On October 13th, The University of Johannesburg announced winners for South African Writing in English. The winner of the main prize is Jacob Dlamini (Safari Nation: A Social History of the Kruger National Park) and the winners for debut novel are Jamil F. Khan (Khamr: The Making of a Waterslams) and Rešoketšwe Manenzhe (Scatterlings).
The University of Johannesburg Prize for South African Writing in English (also called the UJ Prize) was created in 2006. The prize aims to showcase South African writing of any genre in English, Afrikaans, and debuting this year, Sesotho sa Leboa and isiZulu. For each category, there are two prizes: a main prize and a debut prize. Jacob Dlamini, the Main Prize in English winner, will receive R70,000. This year’s Debut Prize in English winnings of R35,000 will be shared between Rešoketšwe Manenzhe and Jamil F. Khan.
Jacob Dlamini’s Safari Nation takes a deep dive into the study of national parks in Africa, focusing on South Africa’s iconic Kruger National Park through oral histories, photographs, and archival research. Dlamini’s book details how the conservations efforts of the park over the course of the twentieth century centers around black people’s involvement and engagement, moving away from stereotypes of black people in African national parks as only laborers or poachers. Jacob Dlamini is a journalist, historian and author. He is currently an assistant professor of history at Princeton University.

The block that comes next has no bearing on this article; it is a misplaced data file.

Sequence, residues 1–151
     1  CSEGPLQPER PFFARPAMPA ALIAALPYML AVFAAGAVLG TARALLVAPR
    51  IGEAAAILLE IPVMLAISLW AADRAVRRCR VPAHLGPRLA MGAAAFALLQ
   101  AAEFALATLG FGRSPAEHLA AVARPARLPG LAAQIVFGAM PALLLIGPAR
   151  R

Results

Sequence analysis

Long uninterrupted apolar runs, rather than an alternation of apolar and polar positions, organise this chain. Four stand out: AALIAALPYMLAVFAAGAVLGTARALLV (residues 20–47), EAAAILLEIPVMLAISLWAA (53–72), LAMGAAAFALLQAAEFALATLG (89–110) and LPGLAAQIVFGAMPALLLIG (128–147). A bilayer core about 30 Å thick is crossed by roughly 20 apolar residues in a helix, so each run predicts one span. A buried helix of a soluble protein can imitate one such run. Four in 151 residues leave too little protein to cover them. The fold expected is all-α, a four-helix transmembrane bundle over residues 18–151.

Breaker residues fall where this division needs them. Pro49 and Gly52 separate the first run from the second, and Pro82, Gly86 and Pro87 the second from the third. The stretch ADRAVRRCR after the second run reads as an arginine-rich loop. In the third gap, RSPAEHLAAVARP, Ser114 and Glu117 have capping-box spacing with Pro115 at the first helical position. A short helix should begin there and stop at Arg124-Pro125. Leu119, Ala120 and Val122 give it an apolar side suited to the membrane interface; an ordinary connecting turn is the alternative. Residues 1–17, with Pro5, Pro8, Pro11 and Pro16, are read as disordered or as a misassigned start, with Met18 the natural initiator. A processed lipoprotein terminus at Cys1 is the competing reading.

Scatterlings, a novel by Rešoketšwe Manenzhe, follows a multiracial family set in the early 1900’s, around the same time of the Immorality Act, 1927 (Act No. 5 of 1927). The novel offers uniqure perspectives from each of the family members: Abram, a white South African winemaker, his wife Alisa, a descendant from Carribbean slaves, and their daughter Dido. The novel was awarded the 2020 Dinaane Debut Fiction. Resoketswe Manenzhe is a PhD candidate at the Chemical Engineering Department of the University of Cape Town
Khamr: The Makings of a Waterslams is a memoir by Jamil F. Khan. The book follows his life experiences from childhood to early adulthood while facing a variety of serious life obstacles. Khan says about his debut book that “this is not a story for the romanticisation of pain and perseverance, although it tells of overcoming many difficulties. It is a critique of secret violence in faith communities and families, and the hypocrisy that has damaged so many people still looking for a place and way to voice their trauma.” Jamil F. Khan is a writer, columnist, and PhD Candidate in Critical Diversity Studies at the University of the Witwatersrand.
Congratulations to the winners!